Albert Einstein decided quantum theory couldn’t be right because its reliance on probability means everything is a result of chance. “God doesn’t play dice with the world,” he said.

Q is for ... Quantum biology

A new and growing field that explores whether many biological processes depend on uniquely quantum processes to work. Under particular scrutiny at the moment are photosynthesis, smell and the navigation of migratory birds.

W is for ... Wave-particle duality

It is possible to describe an atom, an electron, or a photon as either a wave or a particle. In reality, they are both: a wave and a particle.

Y is for ... Young's Double Slit Experiment

In 1801, Thomas Young proved light was a wave, and overthrew Newton’s idea that light was a “corpuscle”.

N is for ... Nonlocality

When two quantum particles are entangled, it can also be said they are “nonlocal”: their physical proximity does not affect the way their quantum states are linked.

P is for ... Planck's Constant

This is one of the universal constants of nature, and relates the energy of a single quantum of radiation to its frequency. It is central to quantum theory and appears in many important formulae, including the Schrödinger Equation.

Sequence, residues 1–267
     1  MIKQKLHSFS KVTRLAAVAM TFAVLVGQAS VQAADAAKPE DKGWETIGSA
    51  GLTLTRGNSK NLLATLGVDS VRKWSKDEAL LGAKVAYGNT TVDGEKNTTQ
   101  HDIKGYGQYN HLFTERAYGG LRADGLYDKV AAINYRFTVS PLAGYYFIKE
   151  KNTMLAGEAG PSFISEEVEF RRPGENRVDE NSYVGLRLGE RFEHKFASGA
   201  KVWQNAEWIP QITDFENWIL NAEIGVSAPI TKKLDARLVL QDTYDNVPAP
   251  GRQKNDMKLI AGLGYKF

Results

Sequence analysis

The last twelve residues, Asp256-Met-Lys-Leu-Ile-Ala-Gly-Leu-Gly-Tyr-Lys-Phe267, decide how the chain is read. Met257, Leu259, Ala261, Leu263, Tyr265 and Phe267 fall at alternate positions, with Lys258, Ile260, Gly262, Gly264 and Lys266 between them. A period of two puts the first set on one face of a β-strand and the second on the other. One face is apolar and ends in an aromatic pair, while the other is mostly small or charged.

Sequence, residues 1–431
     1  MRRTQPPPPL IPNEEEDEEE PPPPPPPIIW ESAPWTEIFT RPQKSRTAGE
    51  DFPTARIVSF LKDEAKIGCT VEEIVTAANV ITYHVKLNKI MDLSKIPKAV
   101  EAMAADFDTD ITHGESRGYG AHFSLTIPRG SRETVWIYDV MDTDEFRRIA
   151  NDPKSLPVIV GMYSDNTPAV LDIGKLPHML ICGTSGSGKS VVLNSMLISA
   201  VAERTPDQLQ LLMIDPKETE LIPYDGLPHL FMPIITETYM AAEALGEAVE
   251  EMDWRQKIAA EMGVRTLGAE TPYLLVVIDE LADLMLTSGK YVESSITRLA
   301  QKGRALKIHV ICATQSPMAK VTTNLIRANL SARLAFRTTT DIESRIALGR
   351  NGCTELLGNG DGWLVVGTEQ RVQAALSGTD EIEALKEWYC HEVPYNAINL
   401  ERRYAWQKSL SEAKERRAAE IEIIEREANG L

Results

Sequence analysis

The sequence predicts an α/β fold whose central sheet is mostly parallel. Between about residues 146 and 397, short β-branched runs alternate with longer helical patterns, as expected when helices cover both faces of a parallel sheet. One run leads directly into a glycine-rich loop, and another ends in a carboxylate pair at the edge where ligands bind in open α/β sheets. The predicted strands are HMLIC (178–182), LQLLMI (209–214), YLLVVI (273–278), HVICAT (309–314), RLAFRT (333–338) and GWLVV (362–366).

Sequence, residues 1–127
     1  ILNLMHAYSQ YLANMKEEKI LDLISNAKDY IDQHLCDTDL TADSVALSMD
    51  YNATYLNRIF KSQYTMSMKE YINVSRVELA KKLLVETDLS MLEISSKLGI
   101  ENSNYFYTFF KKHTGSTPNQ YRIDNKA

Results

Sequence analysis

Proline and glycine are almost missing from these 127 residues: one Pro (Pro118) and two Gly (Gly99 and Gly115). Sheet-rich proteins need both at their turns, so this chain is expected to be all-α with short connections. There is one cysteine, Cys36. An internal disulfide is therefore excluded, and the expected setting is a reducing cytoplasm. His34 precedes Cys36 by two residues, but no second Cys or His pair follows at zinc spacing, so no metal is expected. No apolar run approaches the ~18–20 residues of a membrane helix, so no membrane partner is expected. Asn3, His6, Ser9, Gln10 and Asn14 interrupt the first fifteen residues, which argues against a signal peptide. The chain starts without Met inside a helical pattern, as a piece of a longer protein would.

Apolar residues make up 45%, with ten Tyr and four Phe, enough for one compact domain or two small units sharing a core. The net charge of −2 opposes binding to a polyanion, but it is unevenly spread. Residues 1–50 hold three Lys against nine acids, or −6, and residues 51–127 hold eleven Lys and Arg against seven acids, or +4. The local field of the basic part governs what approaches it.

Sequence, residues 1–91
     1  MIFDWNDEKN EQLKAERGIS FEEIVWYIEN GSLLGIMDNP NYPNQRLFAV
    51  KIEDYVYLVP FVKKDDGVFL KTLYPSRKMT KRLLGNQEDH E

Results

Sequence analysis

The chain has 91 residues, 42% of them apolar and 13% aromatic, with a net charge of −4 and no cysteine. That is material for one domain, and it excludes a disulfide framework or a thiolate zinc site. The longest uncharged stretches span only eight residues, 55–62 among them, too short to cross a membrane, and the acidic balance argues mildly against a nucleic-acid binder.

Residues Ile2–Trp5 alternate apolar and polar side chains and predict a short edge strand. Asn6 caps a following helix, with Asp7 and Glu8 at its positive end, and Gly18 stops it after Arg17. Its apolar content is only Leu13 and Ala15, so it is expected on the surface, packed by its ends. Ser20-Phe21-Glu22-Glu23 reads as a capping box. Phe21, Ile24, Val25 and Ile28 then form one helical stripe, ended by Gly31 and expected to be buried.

U is for ... Uncertainty Principle

One of the most famous ideas in science, this declares that it is impossible to know all the physical attributes of a quantum particle or system simultaneously.

T is for ... Tunnelling

This happens when quantum objects “borrow” energy in order to bypass an obstacle such as a gap in an electrical circuit. It is possible thanks to the uncertainty principle, and enables quantum particles to do things other particles can’t.

B is for ... Bell's Theorem

In 1964, John Bell came up with a way of testing whether quantum theory was a true reflection of reality. In 1982, the results came in – and the world has never been the same since!

H is for ... Hawking Radiation

In 1975, Stephen Hawking showed that the principles of quantum mechanics would mean that a black hole emits a slow stream of particles and would eventually evaporate.

Z is for ... Zero-point energy

Even at absolute zero, the lowest temperature possible, nothing has zero energy. In these conditions, particles and fields are in their lowest energy state, with an energy proportional to Planck’s constant.

X is for ... X-ray

In 1923 Arthur Compton shone X-rays onto a block of graphite and found that they bounced off with their energy reduced exactly as would be expected if they were composed of particles colliding with electrons in the graphite. This was the first indication of radiation’s particle-like nature.